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Thread: When washing peat moss...

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    Never Knows Best gill_za's Avatar
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    When washing peat moss...

    ...following the Tamlin's method I've noticed that after it stood in the bucket with water for a week peat separated into two layers. One - top layer - floats in the top of the bucket and the other - bottom layer - lies on the bottom of the bucket. This bottom layer also looks darker.

    My question: when collecting the moss from the bucket for the second washing should I only collect the top peat layer and dump the bottom?

    Darker peat = peat from the older deposits that potentially have more nutrients?

    Thank you!

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    Tropical Fish Enthusiast jimscott's Avatar
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    You can also use a spaghetti collander or anything with mesh.

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    scottychaos's Avatar
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    Wash peat moss?
    why?
    I have never bothered.
    (except to remove sticks and large debris)

    Scot

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    Hello, I must be going... Not a Number's Avatar
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    Quote Originally Posted by gill_za View Post
    should I only collect the top peat layer and dump the bottom?

    Darker peat = peat from the older deposits that potentially have more nutrients?

    Thank you!
    What a waste of a non-renewable resource. Why not just buy premium quality peat moss in the first place? In the US bales are available in 2 or 3 quality grades. Europe maybe as many as 6 grades.

    As for the reasons for rinsing the peat moss read Tamlin's article. It can make all the difference with small or sensitive Drosera species (e.g. pygmy and South American).
    Grand Hotel... always the same. People come, people go. Nothing ever happens.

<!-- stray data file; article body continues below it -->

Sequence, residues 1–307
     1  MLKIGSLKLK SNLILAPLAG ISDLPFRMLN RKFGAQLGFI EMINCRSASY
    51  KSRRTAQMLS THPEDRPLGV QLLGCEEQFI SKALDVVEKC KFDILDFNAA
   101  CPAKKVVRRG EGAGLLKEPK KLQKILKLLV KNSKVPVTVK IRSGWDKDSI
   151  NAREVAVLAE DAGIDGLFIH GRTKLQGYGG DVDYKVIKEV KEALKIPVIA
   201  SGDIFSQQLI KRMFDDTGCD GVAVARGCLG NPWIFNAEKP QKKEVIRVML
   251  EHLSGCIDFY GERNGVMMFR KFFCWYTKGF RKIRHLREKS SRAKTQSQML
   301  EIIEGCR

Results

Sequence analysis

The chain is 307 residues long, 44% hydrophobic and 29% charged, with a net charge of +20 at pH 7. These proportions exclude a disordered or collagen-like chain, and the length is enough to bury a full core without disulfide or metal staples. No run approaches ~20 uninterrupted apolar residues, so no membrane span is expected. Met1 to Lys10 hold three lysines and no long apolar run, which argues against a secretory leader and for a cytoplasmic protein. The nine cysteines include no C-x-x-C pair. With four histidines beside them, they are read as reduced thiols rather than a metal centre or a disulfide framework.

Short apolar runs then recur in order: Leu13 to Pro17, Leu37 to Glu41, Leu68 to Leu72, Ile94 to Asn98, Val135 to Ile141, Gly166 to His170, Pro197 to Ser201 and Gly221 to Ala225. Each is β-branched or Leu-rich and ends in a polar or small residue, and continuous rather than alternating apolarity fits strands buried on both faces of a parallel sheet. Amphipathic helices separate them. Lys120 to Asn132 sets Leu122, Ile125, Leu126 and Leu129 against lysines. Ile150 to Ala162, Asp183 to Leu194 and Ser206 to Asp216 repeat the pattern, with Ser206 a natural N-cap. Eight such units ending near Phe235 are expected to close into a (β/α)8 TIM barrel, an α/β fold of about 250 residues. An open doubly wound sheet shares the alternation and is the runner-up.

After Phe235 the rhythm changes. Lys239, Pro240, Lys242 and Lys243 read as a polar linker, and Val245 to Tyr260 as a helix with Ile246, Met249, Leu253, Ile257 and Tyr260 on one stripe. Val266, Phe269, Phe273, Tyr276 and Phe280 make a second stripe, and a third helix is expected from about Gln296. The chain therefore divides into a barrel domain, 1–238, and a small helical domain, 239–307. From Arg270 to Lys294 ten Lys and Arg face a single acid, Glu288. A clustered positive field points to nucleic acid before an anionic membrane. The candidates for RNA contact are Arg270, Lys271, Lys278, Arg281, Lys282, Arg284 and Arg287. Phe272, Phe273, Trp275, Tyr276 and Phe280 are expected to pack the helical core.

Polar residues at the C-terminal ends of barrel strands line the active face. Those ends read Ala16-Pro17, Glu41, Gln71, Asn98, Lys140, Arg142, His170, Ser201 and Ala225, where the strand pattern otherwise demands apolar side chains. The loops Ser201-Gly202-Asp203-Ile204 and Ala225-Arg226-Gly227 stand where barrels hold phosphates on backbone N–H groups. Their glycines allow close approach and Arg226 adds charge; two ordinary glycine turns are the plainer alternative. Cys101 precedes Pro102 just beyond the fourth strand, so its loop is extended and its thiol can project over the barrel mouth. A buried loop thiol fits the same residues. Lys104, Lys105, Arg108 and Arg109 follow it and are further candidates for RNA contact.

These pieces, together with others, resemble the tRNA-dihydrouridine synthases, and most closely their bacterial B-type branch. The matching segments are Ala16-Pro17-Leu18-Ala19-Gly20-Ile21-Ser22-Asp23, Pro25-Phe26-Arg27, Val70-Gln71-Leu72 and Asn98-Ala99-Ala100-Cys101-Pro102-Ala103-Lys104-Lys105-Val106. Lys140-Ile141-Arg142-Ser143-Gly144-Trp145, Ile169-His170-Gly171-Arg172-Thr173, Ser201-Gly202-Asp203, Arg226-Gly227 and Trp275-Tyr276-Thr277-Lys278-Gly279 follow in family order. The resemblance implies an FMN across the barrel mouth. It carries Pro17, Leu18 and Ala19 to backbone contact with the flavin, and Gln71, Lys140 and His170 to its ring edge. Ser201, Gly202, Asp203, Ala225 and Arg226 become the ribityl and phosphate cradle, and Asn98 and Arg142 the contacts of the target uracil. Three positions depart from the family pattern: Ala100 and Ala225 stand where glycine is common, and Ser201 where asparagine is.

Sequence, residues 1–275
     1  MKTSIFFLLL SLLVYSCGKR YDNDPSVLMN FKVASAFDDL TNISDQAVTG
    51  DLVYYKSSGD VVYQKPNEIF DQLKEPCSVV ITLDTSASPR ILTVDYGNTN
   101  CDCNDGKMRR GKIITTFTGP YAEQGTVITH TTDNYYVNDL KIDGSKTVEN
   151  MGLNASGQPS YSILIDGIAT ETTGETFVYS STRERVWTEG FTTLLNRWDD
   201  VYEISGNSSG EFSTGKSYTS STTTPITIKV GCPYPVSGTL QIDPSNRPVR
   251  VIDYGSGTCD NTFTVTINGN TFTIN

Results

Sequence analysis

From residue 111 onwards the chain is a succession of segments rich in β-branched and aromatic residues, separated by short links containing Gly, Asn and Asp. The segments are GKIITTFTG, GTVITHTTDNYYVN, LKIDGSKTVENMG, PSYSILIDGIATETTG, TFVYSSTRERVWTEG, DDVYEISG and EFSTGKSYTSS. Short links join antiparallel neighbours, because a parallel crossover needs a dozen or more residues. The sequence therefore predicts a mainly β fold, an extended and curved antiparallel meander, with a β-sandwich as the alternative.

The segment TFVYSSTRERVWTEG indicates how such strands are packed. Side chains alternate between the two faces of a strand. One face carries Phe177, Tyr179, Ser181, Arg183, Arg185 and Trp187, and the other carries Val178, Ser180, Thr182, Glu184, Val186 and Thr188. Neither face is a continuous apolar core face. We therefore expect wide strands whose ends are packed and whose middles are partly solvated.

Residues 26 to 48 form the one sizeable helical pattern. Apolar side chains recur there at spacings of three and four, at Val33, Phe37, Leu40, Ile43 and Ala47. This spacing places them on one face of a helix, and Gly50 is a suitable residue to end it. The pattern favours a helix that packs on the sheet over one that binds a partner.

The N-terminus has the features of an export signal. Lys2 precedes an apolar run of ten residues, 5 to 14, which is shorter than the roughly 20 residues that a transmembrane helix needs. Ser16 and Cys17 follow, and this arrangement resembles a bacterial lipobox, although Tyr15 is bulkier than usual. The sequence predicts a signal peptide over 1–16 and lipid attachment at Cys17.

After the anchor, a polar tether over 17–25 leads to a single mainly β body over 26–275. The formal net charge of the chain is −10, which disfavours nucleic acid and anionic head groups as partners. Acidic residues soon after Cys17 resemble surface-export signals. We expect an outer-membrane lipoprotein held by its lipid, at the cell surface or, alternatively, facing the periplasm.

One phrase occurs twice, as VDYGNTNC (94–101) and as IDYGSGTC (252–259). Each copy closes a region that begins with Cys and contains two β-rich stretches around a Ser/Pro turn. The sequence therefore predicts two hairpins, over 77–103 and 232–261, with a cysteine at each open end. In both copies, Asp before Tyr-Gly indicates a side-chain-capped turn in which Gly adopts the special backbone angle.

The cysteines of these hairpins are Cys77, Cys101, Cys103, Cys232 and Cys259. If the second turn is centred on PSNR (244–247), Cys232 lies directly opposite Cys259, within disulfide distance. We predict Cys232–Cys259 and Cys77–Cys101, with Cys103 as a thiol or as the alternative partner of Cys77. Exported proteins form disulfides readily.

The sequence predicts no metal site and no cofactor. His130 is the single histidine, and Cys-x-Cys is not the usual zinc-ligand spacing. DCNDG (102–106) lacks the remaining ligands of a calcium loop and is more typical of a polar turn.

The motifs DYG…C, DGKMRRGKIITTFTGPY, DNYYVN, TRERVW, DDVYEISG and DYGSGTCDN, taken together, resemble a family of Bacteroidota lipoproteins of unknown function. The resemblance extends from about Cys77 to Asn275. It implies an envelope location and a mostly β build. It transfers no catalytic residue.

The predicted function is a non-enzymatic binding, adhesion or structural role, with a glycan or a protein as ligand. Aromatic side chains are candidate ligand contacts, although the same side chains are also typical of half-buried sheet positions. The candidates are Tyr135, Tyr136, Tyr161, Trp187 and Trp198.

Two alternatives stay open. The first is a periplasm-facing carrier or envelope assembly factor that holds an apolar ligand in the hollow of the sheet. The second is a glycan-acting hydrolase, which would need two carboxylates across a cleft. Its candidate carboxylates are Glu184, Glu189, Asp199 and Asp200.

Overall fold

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    Never Knows Best gill_za's Avatar
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    Quote Originally Posted by Not a Number View Post
    What a waste of a non-renewable resource. Why not just buy premium quality peat moss in the first place? In the US bales are available in 2 or 3 quality grades. Europe maybe as many as 6 grades.
    That is Premium Canadian moss I'm washing. That dark bottom layer of peat looks almost like mud, it flows, it is very slippery to the touch.
    NaN why don't you send me your address, I'll collect that bottom layer, dry it and send it to you.

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    CPlantaholic's Avatar
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    gill_za,
    The premium Canadian brand is the one i also use, and it definitely is inferior to other brands (which i haven't bought, since i have enough to last me 10 years at this point...)

    With the very thin lower layer, I've found seems to contain more nutrients, but if you wring that out several times, too, it provides an excellent medium for seedling germination, regardless of the algae it might produce. It is more fine and i grew these D. spatulata var. bakoensis from seed in it with very good results:



    Also, it's sad to see how many people use peat by the bales and bales just to dump in their lawn/garden for really stupid, basic uses, which could easily be filled using normal dirt...

    And if anyone could recommend higher-grade moss that they haven't needed to rinse, that would be wonderful.
    Thanks,
    Aaron
    Visit The Sundew Grow Guides: http://www.growsundews.com
    New- Drosera video tours & other sundew info, now on YouTube!

    Happy Growing!

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    Never Knows Best gill_za's Avatar
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    Quote Originally Posted by CPlantaholic View Post
    gill_za,
    The premium Canadian brand is the one i also use, and it definitely is inferior to other brands (which i haven't bought, since i have enough to last me 10 years at this point...)

    With the very thin lower layer, I've found seems to contain more nutrients, but if you wring that out several times, too, it provides an excellent medium for seedling germination, regardless of the algae it might produce. It is more fine and i grew these D. spatulata var. bakoensis from seed in it with very good results:

    Also, it's sad to see how many people use peat by the bales and bales just to dump in their lawn/garden for really stupid, basic uses, which could easily be filled using normal dirt...

    And if anyone could recommend higher-grade moss that they haven't needed to rinse, that would be wonderful.
    Thanks,
    Aaron
    Aaron, thank you very much for the reply. That is exactly what I was concerned with. That bottom layer is peat but it consists of much finer particles, and its overall darker color made me suspect that it is richer in nutrients than the rest of the peat. I had previous issues with algae and cyanobacteria in my indoor pots and really dont want to repeat that experience. I guess I'll collect that bottom portion separately and use it for my future outside minibog

    BTW, your site helped me start my little collection and got me interested in CP to begin with. Thank you!

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    Charlatan lizasaur's Avatar
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    Just to be clear, what is the actual brand of "premium canadian" moss? >.>

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